Students are accepted into the Master's and Doctoral programs in Geography on the basis of outstanding undergraduate records and because their interests match up well with the expertise of one or more of the graduate faculty members in geography at Rutgers. Based on this affinity, the Graduate Director assigns all incoming students a principal advisor, also known as the "main advisor" or "chair" (of a student's eventual thesis, exam or dissertation committee). For a PhD student, an advisor must be a full member of the graduate faculty in geography; for a Master’s student, the advisor may either be a full or an associate member. This assignment is provisional and may be changed, in consultation with all concerned and should be communicated in writing (or via email) to the Graduate Director and Graduate Administrative Assistant.
Students in the program should begin consulting with their principal advisors from the time they arrive, working together to determine appropriate general coursework. All new geography PhD and MA students are required to take two courses: Geography 450:601 “Geographic Perspectives” and 450:602 “Research Design.” Students should enroll in “Geographic Perspectives” during their first semester in the program. New terminal MA students and PhD students who hold an MA, should enroll in Research Design during their second semester in the program. Incoming PhD students who do not hold an MA (or equivalent graduate degree) should enroll in Research Design during their 4th semester (i.e., during the second semester of their second year in the program). While course work at the graduate level in cognate disciplines is encouraged, at least 12 credit hours counted toward any advanced degree must be in Geography courses (450:xxx). On rare occasion applicants who have insufficient background in geography or relevant cognate fields may be admitted with the requirement that they successfully complete specified courses to make up their deficiencies.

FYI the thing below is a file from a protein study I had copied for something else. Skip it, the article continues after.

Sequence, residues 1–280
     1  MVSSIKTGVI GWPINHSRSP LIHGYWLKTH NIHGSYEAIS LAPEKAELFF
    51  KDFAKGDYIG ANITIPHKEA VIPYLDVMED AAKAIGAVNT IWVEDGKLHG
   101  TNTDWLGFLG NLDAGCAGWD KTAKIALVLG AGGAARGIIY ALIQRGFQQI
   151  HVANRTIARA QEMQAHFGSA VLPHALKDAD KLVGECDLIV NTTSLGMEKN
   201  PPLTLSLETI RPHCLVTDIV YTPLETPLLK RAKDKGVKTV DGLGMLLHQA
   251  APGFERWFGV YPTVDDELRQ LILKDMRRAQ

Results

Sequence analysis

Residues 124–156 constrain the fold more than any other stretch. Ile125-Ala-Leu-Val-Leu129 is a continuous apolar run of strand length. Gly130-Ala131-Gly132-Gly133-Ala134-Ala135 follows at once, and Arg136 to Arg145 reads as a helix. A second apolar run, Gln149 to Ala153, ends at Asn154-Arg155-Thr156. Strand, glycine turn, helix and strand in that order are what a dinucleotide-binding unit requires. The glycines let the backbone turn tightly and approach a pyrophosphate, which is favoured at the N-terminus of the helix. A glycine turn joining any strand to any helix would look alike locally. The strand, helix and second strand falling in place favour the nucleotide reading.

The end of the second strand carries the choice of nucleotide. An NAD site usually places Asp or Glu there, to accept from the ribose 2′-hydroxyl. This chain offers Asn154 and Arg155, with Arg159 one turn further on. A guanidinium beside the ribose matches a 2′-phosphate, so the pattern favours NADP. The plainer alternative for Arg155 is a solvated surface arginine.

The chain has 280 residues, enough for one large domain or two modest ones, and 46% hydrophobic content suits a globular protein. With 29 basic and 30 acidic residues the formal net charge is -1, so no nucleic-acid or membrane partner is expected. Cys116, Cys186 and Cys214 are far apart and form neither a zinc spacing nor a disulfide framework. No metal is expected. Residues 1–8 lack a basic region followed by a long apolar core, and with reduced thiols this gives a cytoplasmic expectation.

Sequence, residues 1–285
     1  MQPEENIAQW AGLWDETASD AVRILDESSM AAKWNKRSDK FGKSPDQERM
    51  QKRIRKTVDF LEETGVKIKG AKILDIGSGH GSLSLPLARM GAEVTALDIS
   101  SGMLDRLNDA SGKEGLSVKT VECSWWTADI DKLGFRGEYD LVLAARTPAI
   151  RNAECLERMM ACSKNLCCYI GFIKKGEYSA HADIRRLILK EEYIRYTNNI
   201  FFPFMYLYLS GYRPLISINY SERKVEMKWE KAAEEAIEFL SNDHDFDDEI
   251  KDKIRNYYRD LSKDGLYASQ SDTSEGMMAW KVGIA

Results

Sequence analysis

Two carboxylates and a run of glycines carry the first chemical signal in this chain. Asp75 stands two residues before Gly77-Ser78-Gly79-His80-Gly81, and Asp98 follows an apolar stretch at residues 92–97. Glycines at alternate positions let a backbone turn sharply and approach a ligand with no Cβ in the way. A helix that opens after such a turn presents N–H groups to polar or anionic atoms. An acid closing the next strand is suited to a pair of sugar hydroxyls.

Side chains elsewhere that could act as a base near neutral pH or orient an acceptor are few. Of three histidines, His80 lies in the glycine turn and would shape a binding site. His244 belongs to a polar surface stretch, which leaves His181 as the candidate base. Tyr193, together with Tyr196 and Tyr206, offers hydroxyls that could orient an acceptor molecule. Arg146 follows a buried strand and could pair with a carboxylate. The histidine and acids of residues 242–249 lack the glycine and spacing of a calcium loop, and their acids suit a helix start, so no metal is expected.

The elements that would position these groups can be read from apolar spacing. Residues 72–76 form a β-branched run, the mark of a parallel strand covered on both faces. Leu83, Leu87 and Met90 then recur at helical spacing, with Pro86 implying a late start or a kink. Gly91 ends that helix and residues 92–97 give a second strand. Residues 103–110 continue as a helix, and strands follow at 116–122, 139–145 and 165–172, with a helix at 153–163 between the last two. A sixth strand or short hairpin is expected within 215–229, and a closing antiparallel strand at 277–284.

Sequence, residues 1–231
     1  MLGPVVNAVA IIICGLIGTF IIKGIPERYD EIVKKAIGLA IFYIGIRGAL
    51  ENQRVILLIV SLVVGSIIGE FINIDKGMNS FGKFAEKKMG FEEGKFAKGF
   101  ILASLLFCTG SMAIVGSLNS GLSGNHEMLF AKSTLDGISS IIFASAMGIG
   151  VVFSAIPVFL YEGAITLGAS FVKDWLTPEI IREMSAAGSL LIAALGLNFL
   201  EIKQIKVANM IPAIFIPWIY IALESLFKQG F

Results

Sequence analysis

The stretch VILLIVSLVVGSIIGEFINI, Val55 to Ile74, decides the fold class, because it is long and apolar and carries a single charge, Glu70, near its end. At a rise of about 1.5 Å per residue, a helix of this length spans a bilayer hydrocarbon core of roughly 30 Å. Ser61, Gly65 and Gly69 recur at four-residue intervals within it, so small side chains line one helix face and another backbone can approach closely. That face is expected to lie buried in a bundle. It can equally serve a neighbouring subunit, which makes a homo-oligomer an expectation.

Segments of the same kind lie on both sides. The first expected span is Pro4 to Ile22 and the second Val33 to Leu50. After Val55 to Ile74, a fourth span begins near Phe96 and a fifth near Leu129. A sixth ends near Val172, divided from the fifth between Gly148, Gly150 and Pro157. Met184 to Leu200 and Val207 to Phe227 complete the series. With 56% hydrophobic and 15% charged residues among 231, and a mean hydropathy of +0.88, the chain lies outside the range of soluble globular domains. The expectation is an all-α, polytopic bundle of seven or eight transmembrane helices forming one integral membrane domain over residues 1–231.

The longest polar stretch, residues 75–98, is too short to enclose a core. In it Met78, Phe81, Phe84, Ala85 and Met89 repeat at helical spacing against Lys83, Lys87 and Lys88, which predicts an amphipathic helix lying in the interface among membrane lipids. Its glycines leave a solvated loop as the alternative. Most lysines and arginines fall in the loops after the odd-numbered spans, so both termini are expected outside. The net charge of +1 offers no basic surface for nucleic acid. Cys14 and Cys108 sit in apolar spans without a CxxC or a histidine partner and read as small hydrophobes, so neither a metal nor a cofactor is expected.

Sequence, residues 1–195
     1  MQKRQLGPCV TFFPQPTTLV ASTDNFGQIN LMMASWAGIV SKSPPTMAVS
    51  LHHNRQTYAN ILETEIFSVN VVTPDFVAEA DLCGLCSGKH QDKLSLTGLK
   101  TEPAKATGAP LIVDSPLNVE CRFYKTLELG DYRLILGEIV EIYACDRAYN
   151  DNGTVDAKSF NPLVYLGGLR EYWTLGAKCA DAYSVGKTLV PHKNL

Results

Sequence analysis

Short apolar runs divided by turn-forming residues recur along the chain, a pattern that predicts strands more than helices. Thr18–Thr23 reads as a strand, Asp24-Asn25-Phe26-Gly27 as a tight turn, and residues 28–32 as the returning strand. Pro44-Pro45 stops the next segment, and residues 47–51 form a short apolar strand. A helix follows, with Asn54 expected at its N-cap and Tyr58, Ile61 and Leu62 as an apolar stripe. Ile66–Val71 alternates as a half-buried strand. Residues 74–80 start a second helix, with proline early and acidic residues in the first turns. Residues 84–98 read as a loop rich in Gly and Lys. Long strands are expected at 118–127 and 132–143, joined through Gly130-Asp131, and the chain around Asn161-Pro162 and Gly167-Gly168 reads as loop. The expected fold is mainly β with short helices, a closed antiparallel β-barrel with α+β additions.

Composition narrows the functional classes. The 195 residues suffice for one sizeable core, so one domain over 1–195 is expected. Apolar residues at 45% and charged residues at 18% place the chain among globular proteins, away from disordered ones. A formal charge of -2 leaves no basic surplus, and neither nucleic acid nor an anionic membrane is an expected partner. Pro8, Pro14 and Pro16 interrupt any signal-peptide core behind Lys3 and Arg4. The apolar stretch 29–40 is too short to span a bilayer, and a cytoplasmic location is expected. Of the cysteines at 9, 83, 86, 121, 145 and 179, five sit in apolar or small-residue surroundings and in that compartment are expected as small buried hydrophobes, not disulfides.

Within a year of entering the program, students should assemble a suitable advisory committee, and, working with their advisors, set a timetable and initiate plans for dissertation/thesis research, and/or comprehensive exam preparation. PhD students should also gradually work toward meeting other professional milestones such as obtaining teaching experience, making professional conference presentations, and publishing research findings in academic journals.
The Graduate Director typically meets with all incoming students during the second semester in the program to discuss any issues and to ensure that they are making good progress. In addition to this informal review of first-year students, all students in the program are also evaluated in an “annual review” by the graduate faculty each spring. Students are reminded of this review several weeks in advance and are asked to submit a “Self- Assessment” report and forward it to their advisor, the Graduate Director and Administrative Assistant. The graduate faculty members meet to review these statements, along with their records, and evaluate all students in the program. The Graduate Director informs all students of these evaluations in writing.
Students who are making clear progress toward their degrees and have a majority of A's in their coursework are likely to be positively rated. They are congratulated and provided with all possible program support. Students more likely to receive negative ratings include those making slow or uncertain progress; those whose records have a majority of B’s and/or any grade of less than B; and students with two or more "temporary" or "permanent" incompletes (see below, under "Incompletes"). Courses that receive a grade of C or lower may not be counted toward any advanced degree in Geography. A student receiving a C+ in any course in his/her first 18 credits will be considered marginal in the program, and will be reviewed with special care. In addition, a student with two or more temporary incompletes on his/her overall graduate record will not normally be allowed to register for additional courses in geography, barring unusual circumstances. If students are not performing adequately, they are informed of this and given a specified time to resolve any issues. If they do so, they are returned to good standing. If they do not, they may be terminated from the program after full consultation with their advisors, their committee members, and the full graduate faculty. Such decisions can be appealed, either within the graduate program, or in the wider Graduate School.